The first thing law enforcement needs is a clear definition of what bullying is, which can be easier said than done -- the definitions for bullying are many. Webster's Dictionary defines bullying as treating someone abusively or affecting that person by means of force or coercion. Some school systems and state laws add these actions must be continuous and repeated over time. Others say the bully must have intended to do harm.
Coloroso says she prefers her definition, which defines bullying as "a conscious, willful, deliberate, hostile activity intended to harm where you often get pleasure from someone else's pain." The definition adds that bullying takes three forms: verbal, physical or relational, and may have as its overlay religion, race, gender, physical or mental ability or economic status.
Blanco further reminds law enforcement that bullying is not just an overt act of cruelty but also the deliberate omission of compassion, such as exclusion.
Davis adds he'd rather forego the term bullying. As he sees it, there is the larger category of peer mistreatment, which includes legally defined harassment. These are all behaviors a reasonable person would think would cause an individual to feel unsafe. "Mean behavior is likely to do harm, whether or not that harm was intended and whether or not we know for sure that harm actually happened," he says. "We know very well which actions by kids are likely to cause harm: name calling about personal characteristics, name calling about race, threats of violence, excluding someone from participating or stopping them from having friends, and spreading rumors. If you know which behaviors are likely to cause harm, you can do something about them."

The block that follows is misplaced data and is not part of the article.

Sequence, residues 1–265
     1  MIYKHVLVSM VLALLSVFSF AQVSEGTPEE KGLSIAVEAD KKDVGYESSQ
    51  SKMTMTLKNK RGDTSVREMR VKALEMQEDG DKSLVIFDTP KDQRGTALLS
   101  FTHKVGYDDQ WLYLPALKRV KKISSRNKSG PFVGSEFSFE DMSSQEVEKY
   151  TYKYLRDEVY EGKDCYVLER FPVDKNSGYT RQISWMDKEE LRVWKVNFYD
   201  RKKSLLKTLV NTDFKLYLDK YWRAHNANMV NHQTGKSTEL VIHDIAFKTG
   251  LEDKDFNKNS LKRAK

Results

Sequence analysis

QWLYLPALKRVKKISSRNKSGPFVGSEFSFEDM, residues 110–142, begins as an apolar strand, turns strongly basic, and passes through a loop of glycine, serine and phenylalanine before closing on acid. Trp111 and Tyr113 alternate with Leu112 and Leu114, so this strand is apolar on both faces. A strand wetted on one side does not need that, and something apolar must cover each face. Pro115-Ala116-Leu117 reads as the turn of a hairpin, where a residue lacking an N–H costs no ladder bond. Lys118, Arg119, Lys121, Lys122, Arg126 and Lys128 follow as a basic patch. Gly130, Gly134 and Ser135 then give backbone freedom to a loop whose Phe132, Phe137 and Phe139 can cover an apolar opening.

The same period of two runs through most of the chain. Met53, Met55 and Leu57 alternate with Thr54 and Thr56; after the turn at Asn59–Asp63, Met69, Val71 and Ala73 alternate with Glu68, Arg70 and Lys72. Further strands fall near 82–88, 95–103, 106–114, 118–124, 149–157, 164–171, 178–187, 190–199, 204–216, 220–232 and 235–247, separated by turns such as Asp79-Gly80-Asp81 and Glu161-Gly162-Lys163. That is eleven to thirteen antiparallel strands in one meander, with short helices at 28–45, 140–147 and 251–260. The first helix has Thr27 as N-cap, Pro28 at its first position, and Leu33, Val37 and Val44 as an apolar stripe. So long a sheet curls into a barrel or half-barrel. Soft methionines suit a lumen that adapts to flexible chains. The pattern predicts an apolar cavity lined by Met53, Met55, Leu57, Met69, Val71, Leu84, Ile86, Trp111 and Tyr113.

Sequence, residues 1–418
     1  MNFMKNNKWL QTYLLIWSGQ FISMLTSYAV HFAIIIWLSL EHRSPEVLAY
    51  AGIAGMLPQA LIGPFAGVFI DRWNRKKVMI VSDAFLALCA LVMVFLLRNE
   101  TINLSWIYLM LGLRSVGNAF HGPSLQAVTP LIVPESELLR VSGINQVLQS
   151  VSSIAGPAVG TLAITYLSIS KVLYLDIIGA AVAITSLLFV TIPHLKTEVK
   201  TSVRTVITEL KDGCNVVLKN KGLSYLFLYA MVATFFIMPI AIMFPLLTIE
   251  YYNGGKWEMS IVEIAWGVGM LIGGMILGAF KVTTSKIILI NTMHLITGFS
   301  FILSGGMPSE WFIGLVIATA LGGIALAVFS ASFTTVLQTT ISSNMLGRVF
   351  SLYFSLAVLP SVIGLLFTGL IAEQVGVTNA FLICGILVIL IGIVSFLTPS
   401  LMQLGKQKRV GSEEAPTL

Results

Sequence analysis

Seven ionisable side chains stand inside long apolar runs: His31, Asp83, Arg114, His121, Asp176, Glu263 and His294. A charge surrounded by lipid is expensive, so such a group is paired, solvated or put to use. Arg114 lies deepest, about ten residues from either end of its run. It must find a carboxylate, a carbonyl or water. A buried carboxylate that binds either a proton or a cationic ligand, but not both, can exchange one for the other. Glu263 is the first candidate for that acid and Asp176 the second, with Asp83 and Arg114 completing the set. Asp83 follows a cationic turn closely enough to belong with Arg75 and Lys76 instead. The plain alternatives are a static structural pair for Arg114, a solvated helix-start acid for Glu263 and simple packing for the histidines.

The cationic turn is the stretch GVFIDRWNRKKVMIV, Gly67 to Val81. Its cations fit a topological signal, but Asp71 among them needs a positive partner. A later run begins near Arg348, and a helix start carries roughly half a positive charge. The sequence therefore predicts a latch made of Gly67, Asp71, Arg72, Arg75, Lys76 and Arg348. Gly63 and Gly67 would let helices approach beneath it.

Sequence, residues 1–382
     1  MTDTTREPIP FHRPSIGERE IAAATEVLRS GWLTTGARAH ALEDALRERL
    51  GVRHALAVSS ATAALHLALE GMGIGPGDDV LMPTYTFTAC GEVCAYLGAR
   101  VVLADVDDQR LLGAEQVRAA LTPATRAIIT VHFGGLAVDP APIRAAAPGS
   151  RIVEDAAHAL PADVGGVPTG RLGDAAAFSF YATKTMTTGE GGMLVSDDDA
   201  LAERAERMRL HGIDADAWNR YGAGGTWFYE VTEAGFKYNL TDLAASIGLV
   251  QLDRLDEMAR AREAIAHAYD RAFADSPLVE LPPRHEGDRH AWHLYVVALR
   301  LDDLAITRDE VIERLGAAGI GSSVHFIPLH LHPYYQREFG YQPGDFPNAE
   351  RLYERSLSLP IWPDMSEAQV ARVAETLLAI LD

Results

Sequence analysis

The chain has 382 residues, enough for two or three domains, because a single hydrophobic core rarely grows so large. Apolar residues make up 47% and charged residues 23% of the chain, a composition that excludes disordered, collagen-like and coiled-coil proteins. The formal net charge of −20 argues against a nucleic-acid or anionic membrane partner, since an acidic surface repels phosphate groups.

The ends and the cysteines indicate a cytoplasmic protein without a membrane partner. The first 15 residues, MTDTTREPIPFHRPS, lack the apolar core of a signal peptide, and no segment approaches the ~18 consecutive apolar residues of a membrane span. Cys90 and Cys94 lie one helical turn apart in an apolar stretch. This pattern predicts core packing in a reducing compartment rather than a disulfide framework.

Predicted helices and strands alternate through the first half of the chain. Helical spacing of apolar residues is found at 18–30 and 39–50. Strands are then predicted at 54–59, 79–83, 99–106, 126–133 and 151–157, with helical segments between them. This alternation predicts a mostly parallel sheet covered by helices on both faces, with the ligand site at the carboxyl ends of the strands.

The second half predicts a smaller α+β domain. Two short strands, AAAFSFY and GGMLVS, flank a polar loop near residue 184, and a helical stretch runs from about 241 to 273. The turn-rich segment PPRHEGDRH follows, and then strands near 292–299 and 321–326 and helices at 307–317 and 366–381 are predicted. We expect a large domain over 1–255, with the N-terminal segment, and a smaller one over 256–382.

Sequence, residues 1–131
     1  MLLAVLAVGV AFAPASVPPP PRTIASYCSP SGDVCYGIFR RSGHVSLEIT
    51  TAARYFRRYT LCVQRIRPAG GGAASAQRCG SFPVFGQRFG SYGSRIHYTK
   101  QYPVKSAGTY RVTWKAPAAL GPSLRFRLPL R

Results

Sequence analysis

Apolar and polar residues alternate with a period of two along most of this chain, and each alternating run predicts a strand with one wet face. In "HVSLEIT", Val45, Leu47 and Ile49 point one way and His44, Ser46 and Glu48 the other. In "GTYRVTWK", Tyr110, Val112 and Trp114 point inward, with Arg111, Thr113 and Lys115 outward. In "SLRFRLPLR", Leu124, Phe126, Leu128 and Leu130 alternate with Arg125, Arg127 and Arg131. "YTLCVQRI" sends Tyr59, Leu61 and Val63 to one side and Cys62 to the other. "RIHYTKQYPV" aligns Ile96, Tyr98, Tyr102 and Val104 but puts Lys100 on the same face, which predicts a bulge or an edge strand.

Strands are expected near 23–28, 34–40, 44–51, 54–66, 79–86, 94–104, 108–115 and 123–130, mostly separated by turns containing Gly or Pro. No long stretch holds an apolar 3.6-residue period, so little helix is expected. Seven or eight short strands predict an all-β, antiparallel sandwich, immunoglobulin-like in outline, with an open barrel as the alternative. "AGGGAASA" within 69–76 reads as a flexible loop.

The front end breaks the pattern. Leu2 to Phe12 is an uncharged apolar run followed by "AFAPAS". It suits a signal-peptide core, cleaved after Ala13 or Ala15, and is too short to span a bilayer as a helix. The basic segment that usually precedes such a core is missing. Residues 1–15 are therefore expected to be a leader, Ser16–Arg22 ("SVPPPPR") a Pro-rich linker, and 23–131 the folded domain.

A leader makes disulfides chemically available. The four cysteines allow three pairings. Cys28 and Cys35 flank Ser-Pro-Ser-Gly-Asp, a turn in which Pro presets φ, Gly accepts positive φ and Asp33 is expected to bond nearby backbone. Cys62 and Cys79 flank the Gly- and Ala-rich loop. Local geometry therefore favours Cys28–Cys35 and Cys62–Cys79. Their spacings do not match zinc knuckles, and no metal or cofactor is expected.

Bullying prevention also requires law enforcement to hone its presence in the school system. "Law enforcement needs to develop relationships at a human level with school administrators, teachers and students," Blanco explains.
A school resource officer (SRO) can play a tremendous role in developing student connections. "They are out there in the halls, building connections with kids who are very hard to reach," says Davis, who says these relationships can promote the following among students:
- When other kids see a valued adult having a positive connection with a student, they tend to think more of that student and see him or her as having more value.
- A mistreated kid with an adult connection is more likely to reach out for help. "If they don't have anyone, they might keep the harassment to themselves," Davis says. Blanco adds, "Kids need to see policemen as allies and friends they feel comfortable reaching out to during a crisis. The only way this is going to happen is if the local police department reaches out to schools and starts a dialogue with students and faculty."
- If a valued adult tells a bully he or she needs to stop the behavior and offers to help him change it, the child may be more likely to stop. "They listen because of that connection, whereas if someone with no connection to them at all tells them to stop, they may not," Davis says.
- Kids who are potential bystanders are more likely to reach out to mistreated kids if they see valued adults being friendly with them.
- Bystanders are more likely to report mistreatment. There are three characters at play in a bullying tragedy: the bully, the bullied and the bystander, says Coloroso. Often when bystanders turn a blind eye to what was happening, it is because they are afraid to step in. "Police officers run into somebody who is afraid to speak up; afraid to tell what they saw," she explains. But those same individuals may be willing to speak up if they feel they have the protection of a valued adult.
Building relationships with school personnel also puts everyone on the same page when an incident occurs, adds Blanco. She recalls how a New Jersey principal brought in the local police chief to address homerooms and meet with faculty. Later, when a bullying incident occurred and police were called in, all entities were able to have a civilized and productive meeting of the minds because they already had established relationships. "It wasn't intimidating to have an officer present because there was that human connection," Blanco says.
When the call comes in